415. Interference with global navigation satellite systems (e.g. GPS)
A new consortium will investigate problems associated with interference, jamming, and multi-path activity affecting the integrity of GNSS applications. Chronos Technology, the National Physical Laboratory (NPL), and Bath University — all of the UK — have formed the Saturn Consortium to better understand the local availability and integrity of GNSS transmissions and the susceptibility or immunity of GNSS applications to external interference.
The Saturn consortium proposes to assess the susceptibility of GNSS applications to external interference and multi-path problems, which all three members have experienced. It aims to develop cost-effective techniques to assess local availability of GNSS transmissions, and to define new standards for Galileo integrity and availability at the point of use.
In a timing environment, local signal authentication will help to improve the efficiency of the new generation of telecommunications and wireless technologies such as TETRA, WCDMA, and Wi-Max, which require precise time synchronization for capacity and bandwidth optimization. Techniques developed by the consortium will be applicable to Galileo as the new system comes into service.
(Copied entire from: “Group Forms Over Interference”, GPS World, February 1st, 2007, http://www.gpsworld.com.
According to https://www.jpl.nasa.gov, GNSS stands for Global Navigation Satellite System. Currently operating GNSS’s are GPS (U.S.A.’s Global Positioning System) and GLONASS (Russia’s Global Navigation Satellite System). Another GNSS planned for the future is Europe’s Galileo.)
416. Alarming Microwave
Question: If we use our microwave oven for longer than about 30 seconds, our car’s alarm goes off. Why? The car is at least 20 metres away through two walls. The inside of the microwave is a little corroded and the car has a remote central locking/alarm system.
Reply #1: Certain car alarms, such as those fitted to recent Mazda 6, Toyota Rav4 and Mitsubishi Shogun models, transmit a continuous signal at 2.45 gigahertz at powers of up to 500 milliwatts. The microwaves are picked up by sensors inside the vehicle, which detect changes in intensity to signal the presence of intruders. Microwave ovens also operate at 2.45 GHz. While the power radiated within the oven is typically in the range 600 to 800 watts, the amount radiated outside the appliance will typically be less than a watt. When your oven is in operation, the microwaves reaching your car may be powerful enough to trigger the sensors inside it, which the alarm system interprets as a disturbance within the vehicle.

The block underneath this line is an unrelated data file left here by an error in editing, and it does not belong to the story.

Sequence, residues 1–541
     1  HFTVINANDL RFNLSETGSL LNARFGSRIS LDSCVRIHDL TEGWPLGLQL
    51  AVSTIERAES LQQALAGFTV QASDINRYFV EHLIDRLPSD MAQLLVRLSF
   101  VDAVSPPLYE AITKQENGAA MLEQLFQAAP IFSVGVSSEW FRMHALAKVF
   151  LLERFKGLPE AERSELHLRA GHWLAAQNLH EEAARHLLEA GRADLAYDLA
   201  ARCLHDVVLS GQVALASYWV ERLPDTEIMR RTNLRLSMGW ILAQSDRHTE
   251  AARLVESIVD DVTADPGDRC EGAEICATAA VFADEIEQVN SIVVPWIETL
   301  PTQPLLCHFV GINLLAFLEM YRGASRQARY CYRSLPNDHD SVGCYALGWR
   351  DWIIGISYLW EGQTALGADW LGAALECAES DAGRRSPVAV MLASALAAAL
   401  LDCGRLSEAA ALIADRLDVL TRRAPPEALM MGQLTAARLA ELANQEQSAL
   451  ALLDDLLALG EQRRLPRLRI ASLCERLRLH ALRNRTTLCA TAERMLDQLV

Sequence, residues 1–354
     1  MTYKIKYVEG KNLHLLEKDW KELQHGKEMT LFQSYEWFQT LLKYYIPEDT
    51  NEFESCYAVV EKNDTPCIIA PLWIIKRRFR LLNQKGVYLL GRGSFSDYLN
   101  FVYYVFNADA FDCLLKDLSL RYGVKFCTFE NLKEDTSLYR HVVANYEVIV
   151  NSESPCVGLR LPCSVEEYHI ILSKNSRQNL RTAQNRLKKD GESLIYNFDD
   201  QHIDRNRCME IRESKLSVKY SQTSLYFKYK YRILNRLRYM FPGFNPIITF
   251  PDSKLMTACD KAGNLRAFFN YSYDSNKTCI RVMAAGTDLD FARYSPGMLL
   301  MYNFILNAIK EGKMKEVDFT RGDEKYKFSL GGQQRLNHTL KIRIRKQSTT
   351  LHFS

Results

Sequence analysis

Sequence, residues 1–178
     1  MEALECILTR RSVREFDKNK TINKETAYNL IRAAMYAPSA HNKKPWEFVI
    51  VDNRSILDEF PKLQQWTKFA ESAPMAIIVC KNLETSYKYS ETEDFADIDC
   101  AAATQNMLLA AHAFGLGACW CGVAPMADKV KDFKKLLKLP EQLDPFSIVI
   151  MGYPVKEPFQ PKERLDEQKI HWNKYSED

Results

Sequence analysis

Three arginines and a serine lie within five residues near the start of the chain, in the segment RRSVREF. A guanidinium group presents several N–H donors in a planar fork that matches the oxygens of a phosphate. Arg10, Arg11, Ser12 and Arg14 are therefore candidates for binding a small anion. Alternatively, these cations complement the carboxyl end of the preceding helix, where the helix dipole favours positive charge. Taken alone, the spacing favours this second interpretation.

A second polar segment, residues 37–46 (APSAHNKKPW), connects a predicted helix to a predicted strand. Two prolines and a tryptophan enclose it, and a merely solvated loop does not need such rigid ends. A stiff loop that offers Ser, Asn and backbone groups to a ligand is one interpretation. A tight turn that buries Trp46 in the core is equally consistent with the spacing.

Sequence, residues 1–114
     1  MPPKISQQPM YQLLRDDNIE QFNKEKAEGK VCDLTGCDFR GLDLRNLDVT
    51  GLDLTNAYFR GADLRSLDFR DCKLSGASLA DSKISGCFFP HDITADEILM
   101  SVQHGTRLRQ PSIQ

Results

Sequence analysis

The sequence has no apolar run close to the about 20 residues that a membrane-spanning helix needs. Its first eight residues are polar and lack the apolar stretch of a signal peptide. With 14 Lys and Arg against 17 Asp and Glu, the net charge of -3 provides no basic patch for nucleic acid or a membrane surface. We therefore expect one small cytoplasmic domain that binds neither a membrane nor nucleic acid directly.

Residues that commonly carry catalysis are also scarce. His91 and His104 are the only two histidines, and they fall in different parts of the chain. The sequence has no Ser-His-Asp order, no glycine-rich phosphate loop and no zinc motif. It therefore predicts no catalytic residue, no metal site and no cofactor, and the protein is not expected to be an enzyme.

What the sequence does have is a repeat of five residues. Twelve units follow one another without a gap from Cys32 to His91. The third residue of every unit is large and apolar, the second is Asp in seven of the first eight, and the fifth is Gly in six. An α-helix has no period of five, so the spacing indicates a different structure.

It is possible to set a car alarm so that the internal signal generator is disabled. You might also want to have your microwave oven serviced in case there is a serious leak of radiation. If your microwave has damaged shielding the radiated power could be higher than the values above. (From Joel Smith, Pateley Bridge, North Yorkshire, UK.)
Reply #2: It is odd that your microwave is leaking enough radiation to trigger the car’s alarm, considering the legal limit – in the US, at least – for leaked radiation from a microwave oven is 1 milliwatt per square centimetre at a distance of 5 centimetres (seems a little low – shouldn’t that be 1W/sq cm? – Editor).
Perhaps your microwave has a serious leak, or you have an unusually sensitive car. You could try parking the car in front of a friend’s house and running their microwave oven to see what happens. If it appears to be solely your problem, consider getting the microwave replaced. (From Alex Reinhart, Boerne, Texas, US.)
(Copied entire from the ‘Last Word’, New Scientist, 3 Feb 2007, page 93, http://www.newscientist.com. Also see Banana Skin No. 35.)
The regular “Banana Skins” column was published in the EMC Journal, starting in January 1998. Alan E. Hutley, a prominent member of the electronics community, distinguished publisher of the EMC Journal, founder of the EMCIA EMC Industry Association and the EMCUK Exhibition & Conference, has graciously given his permission for In Compliance to republish this reader-favorite column. The Banana Skin columns were compiled by Keith Armstrong, of Cherry Clough Consultants Ltd, from items he found in various publications, and anecdotes and links sent in by the many fans of the column. All of the EMC Journal columns are available at: https://www.emcstandards.co.uk/emi-stories, indexed both by application and type of EM disturbance, and new ones have recently begun being added. Keith has also given his permission for these stories to be shared through In Compliance as a service to the worldwide EMC community. We are proud to carry on the tradition of sharing Banana Skins for the purpose of promoting education for EMI/EMC engineers.